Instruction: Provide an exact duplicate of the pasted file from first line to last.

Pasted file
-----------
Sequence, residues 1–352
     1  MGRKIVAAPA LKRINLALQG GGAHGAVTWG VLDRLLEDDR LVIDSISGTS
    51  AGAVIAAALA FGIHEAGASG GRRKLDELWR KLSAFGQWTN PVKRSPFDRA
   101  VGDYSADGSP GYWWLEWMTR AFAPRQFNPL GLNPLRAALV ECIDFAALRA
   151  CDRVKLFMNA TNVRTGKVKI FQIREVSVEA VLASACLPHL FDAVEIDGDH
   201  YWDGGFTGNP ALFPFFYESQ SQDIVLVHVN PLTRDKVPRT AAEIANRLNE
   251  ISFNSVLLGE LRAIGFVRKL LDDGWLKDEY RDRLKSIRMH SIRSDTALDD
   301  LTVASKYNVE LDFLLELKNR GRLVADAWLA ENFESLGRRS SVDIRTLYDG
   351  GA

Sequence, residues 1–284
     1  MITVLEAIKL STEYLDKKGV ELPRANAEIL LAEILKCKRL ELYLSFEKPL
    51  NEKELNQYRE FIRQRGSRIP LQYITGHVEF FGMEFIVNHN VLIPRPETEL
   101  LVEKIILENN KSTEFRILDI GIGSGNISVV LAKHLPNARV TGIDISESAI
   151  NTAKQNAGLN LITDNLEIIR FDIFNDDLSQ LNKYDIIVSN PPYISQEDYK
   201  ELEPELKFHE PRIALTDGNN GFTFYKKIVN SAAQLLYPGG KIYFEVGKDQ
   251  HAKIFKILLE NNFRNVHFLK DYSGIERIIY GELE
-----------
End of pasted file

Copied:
Sequence, residues 1–352
     1  MGRKIVAAPA LKRINLALQG GGAHGAVTWG VLDRLLEDDR LVIDSISGTS
    51  AGAVIAAALA FGIHEAGASG GRRKLDELWR KLSAFGQWTN PVKRSPFDRA
   101  VGDYSADGSP GYWWLEWMTR AFAPRQFNPL GLNPLRAALV ECIDFAALRA
   151  CDRVKLFMNA TNVRTGKVKI FQIREVSVEA VLASACLPHL FDAVEIDGDH
   201  YWDGGFTGNP ALFPFFYESQ SQDIVLVHVN PLTRDKVPRT AAEIANRLNE
   251  ISFNSVLLGE LRAIGFVRKL LDDGWLKDEY RDRLKSIRMH SIRSDTALDD
   301  LTVASKYNVE LDFLLELKNR GRLVADAWLA ENFESLGRRS SVDIRTLYDG
   351  GA

Sequence, residues 1–284
     1  MITVLEAIKL STEYLDKKGV ELPRANAEIL LAEILKCKRL ELYLSFEKPL
    51  NEKELNQYRE FIRQRGSRIP LQYITGHVEF FGMEFIVNHN VLIPRPETEL
   101  LVEKIILENN KSTEFRILDI GIGSGNISVV LAKHLPNARV TGIDISESAI
   151  NTAKQNAGLN LITDNLEIIR FDIFNDDLSQ LNKYDIIVSN PPYISQEDYK
   201  ELEPELKFHE PRIALTDGNN GFTFYKKIVN SAAQLLYPGG KIYFEVGKDQ
   251  HAKIFKILLE NNFRNVHFLK DYSGIERIIY GELE